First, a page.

Bridget

In praise of Willow.

In herbal remedies, willow on February 11, 2012 at 7:58 pm

There are 4 native Irish Willows, Goat Willow, Grey Willow, The Eared Willow and the less common Bay Leaved Willow. The Willow pictured above is Twisted Willow a non native that nonetheless grows very well here in Ireland. This one was grown from a cutting about 6 years ago and is 15 feet tall. All the Willows have a liking for damp ground and do well in our wet climate.

The flowers of the Willow which are produced from February-March are called catkins or pussy willows. The pussy willow name comes from the newly opened catkins resemblance to the paws of a fluffy kitten. Seeds can be obtained from the catkins in early Summer, however, cuttings take very easily so that is the usual method of propogation.

These cuttings, which were in a bucket of water have made strong roots in about 2 months. Ten new Willows for free!

The water in which Willows have been soaked in said to aid other plants in rooting. A friend of mine has a Dragon Willow which is really lovely. The bark is dark brown in colour and the branches are flattened, as opposed to round, as they get a bit older. I have taken cuttings from this a few times but none have rooted. Maybe this one only grows from seeds?

In recent years Willow has been much used in the making of fedges and living sculptures. It’s traditional uses would have been in making baskets of various sizes and types and for creels. Creels are a traditional basket for bringing home the turf. One would be placed on each side of a Donkey to carry home the important Winter fuel.

Ten years ago I did a basket making course with Joe Hogan, a brilliant craftsman who makes his living from basketmaking. Joe lives in Galway and a wonderful week was spent there by Loch na Fooey making baskets. The basket above is an Irish potato basket. The potatoes, when cooked would be emptied into the basket, the water escaped and the basket was placed on the table. I made 4 baskets under Joe’s tuition but sadly never made one since. I found that my hands were not strong enough for the work.

Willow is known to have healing properties. It is an old remedy for rheumatism, arthritis, muscular aches and all conditions caused by damp. It is interesting that the Willows grow in dampness but also cure conditions caused by damp. Nature being the cause and the cure!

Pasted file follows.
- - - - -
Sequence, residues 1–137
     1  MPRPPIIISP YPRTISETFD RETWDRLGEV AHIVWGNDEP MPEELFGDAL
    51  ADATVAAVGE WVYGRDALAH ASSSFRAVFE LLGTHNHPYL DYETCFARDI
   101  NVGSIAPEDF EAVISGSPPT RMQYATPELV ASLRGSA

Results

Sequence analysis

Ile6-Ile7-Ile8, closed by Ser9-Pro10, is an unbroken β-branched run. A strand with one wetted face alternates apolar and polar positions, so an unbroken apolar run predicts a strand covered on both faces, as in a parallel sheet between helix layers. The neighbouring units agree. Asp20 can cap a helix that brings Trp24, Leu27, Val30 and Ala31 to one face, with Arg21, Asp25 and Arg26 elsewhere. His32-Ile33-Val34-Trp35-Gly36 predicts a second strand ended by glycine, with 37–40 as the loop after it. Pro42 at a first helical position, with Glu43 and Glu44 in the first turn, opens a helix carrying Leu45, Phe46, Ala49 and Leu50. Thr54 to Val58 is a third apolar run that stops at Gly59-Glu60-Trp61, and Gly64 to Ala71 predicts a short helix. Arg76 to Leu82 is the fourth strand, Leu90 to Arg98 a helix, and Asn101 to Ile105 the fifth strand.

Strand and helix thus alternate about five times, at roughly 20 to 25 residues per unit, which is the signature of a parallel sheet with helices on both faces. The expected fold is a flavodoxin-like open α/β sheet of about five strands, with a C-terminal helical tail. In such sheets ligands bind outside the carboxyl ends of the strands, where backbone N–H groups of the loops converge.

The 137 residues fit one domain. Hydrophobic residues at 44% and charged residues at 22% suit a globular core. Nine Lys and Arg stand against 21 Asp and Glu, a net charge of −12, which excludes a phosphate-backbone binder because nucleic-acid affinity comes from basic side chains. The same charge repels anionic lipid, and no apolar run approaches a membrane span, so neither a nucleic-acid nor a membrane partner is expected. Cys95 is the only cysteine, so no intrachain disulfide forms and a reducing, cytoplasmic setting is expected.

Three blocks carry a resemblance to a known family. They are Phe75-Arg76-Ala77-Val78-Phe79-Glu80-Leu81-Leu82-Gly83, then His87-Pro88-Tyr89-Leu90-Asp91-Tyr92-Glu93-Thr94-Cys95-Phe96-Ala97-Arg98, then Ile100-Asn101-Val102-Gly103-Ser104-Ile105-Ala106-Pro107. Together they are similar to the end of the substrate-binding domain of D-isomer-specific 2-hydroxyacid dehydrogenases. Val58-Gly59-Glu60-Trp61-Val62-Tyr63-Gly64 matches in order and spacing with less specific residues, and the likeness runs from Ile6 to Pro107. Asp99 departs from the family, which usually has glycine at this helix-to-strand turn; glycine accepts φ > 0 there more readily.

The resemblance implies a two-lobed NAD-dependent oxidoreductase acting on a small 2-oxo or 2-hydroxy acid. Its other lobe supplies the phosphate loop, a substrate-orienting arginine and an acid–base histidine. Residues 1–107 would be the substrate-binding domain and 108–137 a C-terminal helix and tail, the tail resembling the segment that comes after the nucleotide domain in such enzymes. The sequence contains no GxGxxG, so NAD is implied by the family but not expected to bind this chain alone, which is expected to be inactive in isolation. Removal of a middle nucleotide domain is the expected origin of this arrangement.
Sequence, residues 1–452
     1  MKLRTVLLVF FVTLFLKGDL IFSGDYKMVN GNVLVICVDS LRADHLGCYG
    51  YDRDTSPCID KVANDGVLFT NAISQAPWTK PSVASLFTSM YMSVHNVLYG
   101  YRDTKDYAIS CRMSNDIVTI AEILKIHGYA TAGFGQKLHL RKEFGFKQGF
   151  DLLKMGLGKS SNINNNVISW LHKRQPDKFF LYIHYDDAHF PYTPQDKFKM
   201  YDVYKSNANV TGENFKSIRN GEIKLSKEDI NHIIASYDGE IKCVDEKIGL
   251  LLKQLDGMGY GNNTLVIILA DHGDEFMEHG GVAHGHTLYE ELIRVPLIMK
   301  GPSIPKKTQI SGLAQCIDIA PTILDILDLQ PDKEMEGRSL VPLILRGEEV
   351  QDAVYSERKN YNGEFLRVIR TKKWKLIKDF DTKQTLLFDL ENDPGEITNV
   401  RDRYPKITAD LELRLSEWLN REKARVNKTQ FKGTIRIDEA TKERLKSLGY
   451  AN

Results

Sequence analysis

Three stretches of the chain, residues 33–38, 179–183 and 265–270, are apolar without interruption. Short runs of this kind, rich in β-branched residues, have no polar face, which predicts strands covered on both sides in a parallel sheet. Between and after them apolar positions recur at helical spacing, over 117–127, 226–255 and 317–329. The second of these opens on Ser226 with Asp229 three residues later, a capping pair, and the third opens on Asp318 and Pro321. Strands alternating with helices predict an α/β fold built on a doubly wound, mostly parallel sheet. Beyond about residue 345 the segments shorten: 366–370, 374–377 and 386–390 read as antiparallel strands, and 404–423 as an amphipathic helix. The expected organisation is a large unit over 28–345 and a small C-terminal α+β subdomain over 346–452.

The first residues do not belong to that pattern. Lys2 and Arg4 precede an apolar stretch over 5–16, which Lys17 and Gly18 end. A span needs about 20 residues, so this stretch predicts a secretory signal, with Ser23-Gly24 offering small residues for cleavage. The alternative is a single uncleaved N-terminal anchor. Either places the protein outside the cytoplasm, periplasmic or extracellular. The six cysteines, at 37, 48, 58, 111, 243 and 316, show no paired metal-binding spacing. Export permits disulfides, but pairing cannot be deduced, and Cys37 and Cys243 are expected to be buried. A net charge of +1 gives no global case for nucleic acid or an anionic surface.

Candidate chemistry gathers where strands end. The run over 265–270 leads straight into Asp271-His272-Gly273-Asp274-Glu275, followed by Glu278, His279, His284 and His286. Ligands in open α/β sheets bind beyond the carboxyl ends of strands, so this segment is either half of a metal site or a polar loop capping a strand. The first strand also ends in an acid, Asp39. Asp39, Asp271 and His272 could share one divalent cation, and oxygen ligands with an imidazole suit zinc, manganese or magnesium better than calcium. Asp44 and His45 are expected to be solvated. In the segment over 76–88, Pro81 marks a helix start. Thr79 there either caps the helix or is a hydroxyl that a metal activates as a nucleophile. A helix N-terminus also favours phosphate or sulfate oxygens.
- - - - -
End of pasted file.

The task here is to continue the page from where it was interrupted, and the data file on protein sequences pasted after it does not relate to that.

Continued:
The bark of Willow contains Salicin, which is made into Salicylic Acid, the origin of Aspirin.

Being of a watery nature Willow is governed by the Moon. In her book, The Sacred Tree, Glennie Kindred  says “The Willow speaks to us of the female side of ourselves, whether we are men or women. Being sacred to the Moon, it will help us keep in touch with our life’s rhythms, our dreams, and deep unconscious thoughts and feelings”.

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  1. I love willow trees and all things willow. I have one huge weeping willow. I have to confess to going to have a chat to it every day!

    Your twisted willow is amazing, and has grown beautifully from a cutting. I admire your basket too.
    K

  2. What a wonderful building material–you are fortunate to have it in great supply. That curved fence is just the best!

  3. 10 years and that basket’s still holding up. Pretty impressive!

  4. Whomping Willows are better steered clear of!

    Thanks for letting me know about this post. Will you be ‘following’ a willow for a year?

  5. Beautiful.

    But no Whomping Willows?

  6. The Twisted Willow is lovely. (It reminds me of a Walking Stick bush.) We have several Weeping Willows surrounding our pond and I just love their grace. Thank you for all of the interesting information you’ve provided.

  7. I love willow, especially the beautiful coloured stems. When we moved into our house the previous owners had created a willow screen around a patio which looked nice but then we discovered the roots were all heading towards the drains. We removed it all, which was quite a job. So it’s not for our garden unfortunately but I love it in a naturalistic setting.

  8. I so enjoyed this post. Willows are not seen in my corner of the world, so your post made very interesting reading for me. I just love the basket.

  9. I love the idea of plant propagation. It’s exciting to take cuttings and to see roots developing. Thanks for sharing your baby willows — now what will you do with them?

  10. I really like this post..I like the title..lovely photos and lots of varied information about the properties of Willow, especially about Willow keeping us in touch with our life’s rhythms, dreams, deep unconscious thoughts and female side.

    Yesterday I saw some lotus and experienced a deep desire to have some in a vase at home. I looked up the meaning of Lotus and it is “Mystery and Truth,’ so now I believe that I will have a vase with Willow and Lotus…I feel that will be a perfect combination.

    Thanks again..my friend Margi from someenergything will like this, I will pass onto her, and put on my facebook

  11. Willow was invaluable as a windbreak among other things in Orkney and so easy from cuttings. We got one from a neighbour which everyone called American willow, which grew very quickly and had beautiful oval leaves that were downy gray underneath. Unfortunatley it needed to be coppiced as it had a tendency to split.

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